Hemp creek in full flood - circa 1967
Okay, haul up your suspenders for this one, cause it might get pretty deep by the end of the story.
Raised as we were, in the outbacks of British Columbia, our choices for entertainment were limited. We had a monophonic record player and a well worn copy of the Sons of the Pioneers, we had beagles which you spent as much time hunting for as hunting with, and we had gramma’s kitchen table. The table itself wasn’t that interesting but the people that gathered around it in the evening were a colorful lot.
Uncles, who drew the musical straws in the gene pool, could play guitars and sing. Gramma would play the fiddle when she wasn’t tending to the prodigious amounts of food she would have to prepare for our crew, and those of us who couldn’t sing, play or cook, would end up telling stories.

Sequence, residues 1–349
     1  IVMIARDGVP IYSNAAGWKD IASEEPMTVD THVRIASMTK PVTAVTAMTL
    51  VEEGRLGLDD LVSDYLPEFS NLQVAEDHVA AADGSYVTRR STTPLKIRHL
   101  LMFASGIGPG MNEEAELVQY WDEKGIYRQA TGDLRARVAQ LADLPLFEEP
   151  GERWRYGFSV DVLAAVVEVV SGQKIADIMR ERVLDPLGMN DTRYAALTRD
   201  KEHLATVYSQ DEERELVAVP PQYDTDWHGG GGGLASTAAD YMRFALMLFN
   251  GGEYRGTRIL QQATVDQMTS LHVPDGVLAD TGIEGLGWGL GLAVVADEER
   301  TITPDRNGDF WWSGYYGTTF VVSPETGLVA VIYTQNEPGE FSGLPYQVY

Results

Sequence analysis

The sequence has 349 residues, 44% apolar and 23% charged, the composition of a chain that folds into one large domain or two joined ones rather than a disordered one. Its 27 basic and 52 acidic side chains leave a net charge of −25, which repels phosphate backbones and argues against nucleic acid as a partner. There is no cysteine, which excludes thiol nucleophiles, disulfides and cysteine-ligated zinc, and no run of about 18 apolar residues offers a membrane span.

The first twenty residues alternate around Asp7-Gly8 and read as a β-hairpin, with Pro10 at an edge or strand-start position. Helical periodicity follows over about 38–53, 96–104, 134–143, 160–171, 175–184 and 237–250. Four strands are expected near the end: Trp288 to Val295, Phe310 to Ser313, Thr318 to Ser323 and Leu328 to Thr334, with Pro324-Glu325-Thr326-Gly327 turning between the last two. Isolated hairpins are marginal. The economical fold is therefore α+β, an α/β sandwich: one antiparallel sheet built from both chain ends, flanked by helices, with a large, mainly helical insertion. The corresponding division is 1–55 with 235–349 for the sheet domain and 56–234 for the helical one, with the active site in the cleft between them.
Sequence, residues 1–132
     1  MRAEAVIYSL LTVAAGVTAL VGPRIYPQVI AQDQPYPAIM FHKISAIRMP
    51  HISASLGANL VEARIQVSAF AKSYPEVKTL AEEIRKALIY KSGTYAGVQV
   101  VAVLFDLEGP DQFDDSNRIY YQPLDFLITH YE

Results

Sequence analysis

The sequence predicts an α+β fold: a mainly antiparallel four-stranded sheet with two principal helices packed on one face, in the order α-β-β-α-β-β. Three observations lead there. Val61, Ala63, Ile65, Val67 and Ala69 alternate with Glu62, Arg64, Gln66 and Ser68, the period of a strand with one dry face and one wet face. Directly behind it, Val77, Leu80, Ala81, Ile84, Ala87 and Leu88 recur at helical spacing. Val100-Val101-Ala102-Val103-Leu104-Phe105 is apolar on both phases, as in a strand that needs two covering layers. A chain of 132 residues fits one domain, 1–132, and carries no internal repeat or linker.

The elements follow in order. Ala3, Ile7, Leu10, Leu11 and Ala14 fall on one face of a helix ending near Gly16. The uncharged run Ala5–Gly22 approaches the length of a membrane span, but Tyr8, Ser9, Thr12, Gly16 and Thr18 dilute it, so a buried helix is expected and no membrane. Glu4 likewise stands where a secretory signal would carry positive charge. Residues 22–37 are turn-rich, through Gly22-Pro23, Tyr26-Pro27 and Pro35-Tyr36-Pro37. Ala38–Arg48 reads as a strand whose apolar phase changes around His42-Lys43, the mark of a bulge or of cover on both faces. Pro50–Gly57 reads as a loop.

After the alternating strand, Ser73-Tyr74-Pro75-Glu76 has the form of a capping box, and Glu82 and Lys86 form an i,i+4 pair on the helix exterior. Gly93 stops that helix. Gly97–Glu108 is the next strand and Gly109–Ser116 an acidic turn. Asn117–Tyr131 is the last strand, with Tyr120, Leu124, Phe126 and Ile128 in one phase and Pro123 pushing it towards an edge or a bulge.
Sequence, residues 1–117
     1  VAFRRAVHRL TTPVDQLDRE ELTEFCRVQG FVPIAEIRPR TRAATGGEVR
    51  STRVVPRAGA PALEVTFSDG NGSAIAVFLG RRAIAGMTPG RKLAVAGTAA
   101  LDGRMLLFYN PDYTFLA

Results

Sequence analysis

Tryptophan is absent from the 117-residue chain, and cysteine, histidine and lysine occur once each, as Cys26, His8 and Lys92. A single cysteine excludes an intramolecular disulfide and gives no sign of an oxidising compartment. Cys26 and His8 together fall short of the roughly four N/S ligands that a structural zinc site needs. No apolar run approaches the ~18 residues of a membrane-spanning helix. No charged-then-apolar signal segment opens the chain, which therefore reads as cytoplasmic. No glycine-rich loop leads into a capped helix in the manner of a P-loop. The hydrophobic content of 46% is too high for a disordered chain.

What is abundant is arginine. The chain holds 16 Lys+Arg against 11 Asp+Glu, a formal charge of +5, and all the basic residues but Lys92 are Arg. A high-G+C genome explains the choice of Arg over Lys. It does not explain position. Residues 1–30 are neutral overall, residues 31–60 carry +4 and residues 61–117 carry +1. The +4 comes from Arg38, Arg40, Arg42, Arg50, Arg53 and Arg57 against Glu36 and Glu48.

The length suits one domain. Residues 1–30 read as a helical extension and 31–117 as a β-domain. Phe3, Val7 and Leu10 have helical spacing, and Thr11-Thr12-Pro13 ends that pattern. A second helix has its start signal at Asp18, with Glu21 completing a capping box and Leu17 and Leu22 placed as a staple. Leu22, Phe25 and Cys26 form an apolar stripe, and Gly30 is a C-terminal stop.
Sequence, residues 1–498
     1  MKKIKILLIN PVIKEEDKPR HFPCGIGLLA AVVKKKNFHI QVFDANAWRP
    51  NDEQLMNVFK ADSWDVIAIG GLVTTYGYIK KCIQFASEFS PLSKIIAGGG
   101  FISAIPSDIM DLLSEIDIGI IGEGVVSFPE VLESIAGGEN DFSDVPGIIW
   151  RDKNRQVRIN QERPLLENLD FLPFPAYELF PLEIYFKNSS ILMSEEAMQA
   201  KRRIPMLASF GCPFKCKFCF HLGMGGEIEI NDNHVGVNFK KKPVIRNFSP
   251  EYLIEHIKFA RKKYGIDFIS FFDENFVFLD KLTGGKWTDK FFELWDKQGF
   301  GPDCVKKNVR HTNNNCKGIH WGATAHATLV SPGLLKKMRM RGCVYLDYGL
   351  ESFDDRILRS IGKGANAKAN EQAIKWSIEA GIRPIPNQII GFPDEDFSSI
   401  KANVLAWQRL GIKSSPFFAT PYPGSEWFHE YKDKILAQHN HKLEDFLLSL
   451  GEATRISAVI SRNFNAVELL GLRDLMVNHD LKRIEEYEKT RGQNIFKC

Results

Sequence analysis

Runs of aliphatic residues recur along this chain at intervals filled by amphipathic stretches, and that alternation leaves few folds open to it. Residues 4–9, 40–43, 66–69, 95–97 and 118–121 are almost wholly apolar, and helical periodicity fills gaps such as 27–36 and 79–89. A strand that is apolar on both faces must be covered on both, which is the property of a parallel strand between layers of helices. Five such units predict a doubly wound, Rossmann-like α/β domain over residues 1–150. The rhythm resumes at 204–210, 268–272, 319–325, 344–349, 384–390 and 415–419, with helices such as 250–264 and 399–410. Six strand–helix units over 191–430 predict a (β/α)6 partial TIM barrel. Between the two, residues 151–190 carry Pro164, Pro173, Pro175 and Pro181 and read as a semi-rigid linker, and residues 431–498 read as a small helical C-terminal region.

I don’t know who to attribute this following story to but it was always told to me as being gospel and I repeat it as such. There was a father and son team of trappers a few valleys over that were by most accounts two of the least motivated people in the history of the great Canadian fur trade.
I shall call them Joe and Little Joe, and just so as to keep it straight, Joe was the father and Little Joe the son.
Joe and Little Joe were out beaver trapping one beautiful spring day and as was their custom had stopped along a grassy knoll along the creek and had stretched out for a mid-afternoon nap. Little Joe, awakening after only a half hour or so of slumber turned to his father and remarked:
“Pa, the water’s a rising”
Joe’s response was the now legendary, “Yep, I reckon we’s a goner!”